Glastonbury's muddy years: the festival’s worst weather in pictures
26 June 2020, 20:00 | Updated: 26 June 2020, 20:01
Rain, thunder, lightning, mud, mud and mud. Despite taking place in "Flaming June", Britain's biggest festival hasn't always been lucky when it comes to the weather. Here are some of the absolute worst occasions.
Despite Glastonbury 2020 being called off due to the Coronavirus pandemic, keen festival-goers will have an eye on the weather forecast to see what the weekend would be like. As Britain basks in the hottest temperatures of the year so far, predictions are for thunderstorms this weekend.
It's a familiar pattern - many a Glastonbury has been blessed with beautiful weather for a couple of days, then hit with non-stop rain for the rest of the weekend. And rain plus hundreds of thousands of people equals MUD. Take a look at some of the muddiest, wettest Glastonbury festivals of all time.
Glastonbury weather 1982: very damp and slippery
Such was the small size of Glastonbury in the 1970s, that the festival didn’t really have a stinker of a mudbath until 1982. There was torrential rain on the first day and the weather didn’t let up for the rest of the event, making the ground very slippery and quite treacherous.
Glastonbury weather 1990: unpleasant in more ways than one
Not only was there another deluge in 1990, but there was a tense stand-off between Glastonbury security and a group of travellers that resulted in there being no festival the following year. During The Cure’s headline set, a girl was crushed at the front of the crowd and an emergency helicopter had to land by the Pyramid Stage. Not a good year.
Glastonbury weather 1997: one of the muddiest of all time
One of the most notorious years, with torrential rain pelting the site before the festivities even began. Neil Young cancelled, leaving Kula Shaker (!) to step in, while Ash deputised for Steve Winwood and ended up headlining the Pyramid Stage. Radiohead on Saturday night were given an almost rapturous response, such was the relief that they actually performed.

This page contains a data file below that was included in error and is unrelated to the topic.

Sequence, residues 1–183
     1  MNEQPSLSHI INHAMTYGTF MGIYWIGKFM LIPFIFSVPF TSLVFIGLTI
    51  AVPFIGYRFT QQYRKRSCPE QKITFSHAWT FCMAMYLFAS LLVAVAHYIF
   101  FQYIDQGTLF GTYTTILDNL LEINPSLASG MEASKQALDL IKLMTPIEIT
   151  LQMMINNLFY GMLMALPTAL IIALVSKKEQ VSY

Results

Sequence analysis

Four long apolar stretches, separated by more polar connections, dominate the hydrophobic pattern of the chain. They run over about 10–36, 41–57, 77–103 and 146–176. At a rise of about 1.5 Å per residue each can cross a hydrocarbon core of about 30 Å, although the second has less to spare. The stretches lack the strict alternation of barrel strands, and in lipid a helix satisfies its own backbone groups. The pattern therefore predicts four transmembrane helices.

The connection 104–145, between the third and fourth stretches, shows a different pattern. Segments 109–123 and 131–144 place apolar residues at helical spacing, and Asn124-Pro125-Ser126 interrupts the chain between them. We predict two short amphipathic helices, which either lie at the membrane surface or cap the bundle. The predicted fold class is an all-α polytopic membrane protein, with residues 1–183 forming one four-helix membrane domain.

Meanwhile, the Other Stage was in such a precarious position that the music started late on Friday and by Sunday the structure had started to sink into the mud. Mansun had to cancel their set and The Bluteones were left to finish off one of the wettest festivals ever.
Glastonbury weather 1998: no respite from the rain
After the horrendous weather of 1997, surely nothing could go wrong the following year? Wrong. ’98 was another grisly year and, again, by Saturday many had bailed out and left the site.
Glastonbury weather 2004: a game of two halves
After a run of nice weather, 2004 started off well, but the rain kicked in on Saturday, meaning many watched headliner Paul McCartney in wet and slippery mud. It cleared up by Sunday, but the rest of the festival was quite slushy.
Glastonbury weather 2005: floods, mud and a water-logged Worthy Farm
A beautiful Thursday night gave way in the early hours to the most rain the festival has EVER seen - almost a month’s worth of water fell in a few hours, washing tents down the hills and flooding campsites.
The John Peel Stage was struck by lightning and Friday’s programme of music was delayed while the site was made safe, with many festival-goers having to wade through water to get around. Luckily, the rain didn’t return, but the sun did - making the mud “set” and turn to a thick glue-like consistency. Nasty.
Glastonbury weather 2007: another wash-out
Another pleasant start quickly went bad as torrential rain began on Friday morning and continued right until the bitter end.
The Who and The Chemical Brothers headlined on Sunday night and performed during a horrible, freezing cold downpour.
Glastonbury Festival weather 2009: thunderbolt and lightning!
After a decent 2008, things looked good for the 2009 festival - until the clouds came in and brought lightning alongside the rain. Luckily, the skies cleared not long after and a full-blown mudbath was avoided. Some people made the most of it, though.
Glastonbury weather 2011: when the rain comes...
Rain again, spoiling U2’s big moment as it comprehensively pissed down during the band’s set. Even Radiohead’s surprise set was damp. Panic set in briefly during Thursday as the heavens opened and it looked like another swamp was in store. But the good vibes held off the worst of the weather and things took a better turn in time for The Rolling Stones’ headline set on Saturday night. Some people even had to be treated for heat exhaustion by Sunday.
Glastonbury weather 2014: electrical storm!
An electrical storm on the Friday night brought proceedings to a brief halt, and the showers continued throughout Saturday.
Thankfully, 2014 wasn’t a complete wash-out and things picked up on the Sunday in time for Dolly Parton’s set. Woo-hoo!
Glastonbury weather 2015
Panic set in briefly on Friday afternoon when showers appeared, but thankfully it didn't last and a complete deluge was avoided.
Glastonbury weather 2016
There was another worrying start to proceedings, with flash floods hitting the area the week before the festival.
The festival site was muddy from Wednesday onwards - which meant getting around the stages was a struggle for the rest of the weekend was a struggle.
Glastonbury weather 2017
Well, what do you know? 2017 was the polar opposite of 2016, with scorching temperatures (30 degrees on the Wednesday) meaning people had to be treated for heat stroke as they queued to get in. The hot weather stayed for the rest of the weekend, which goes to prove you never can tell with Glastonbury weather.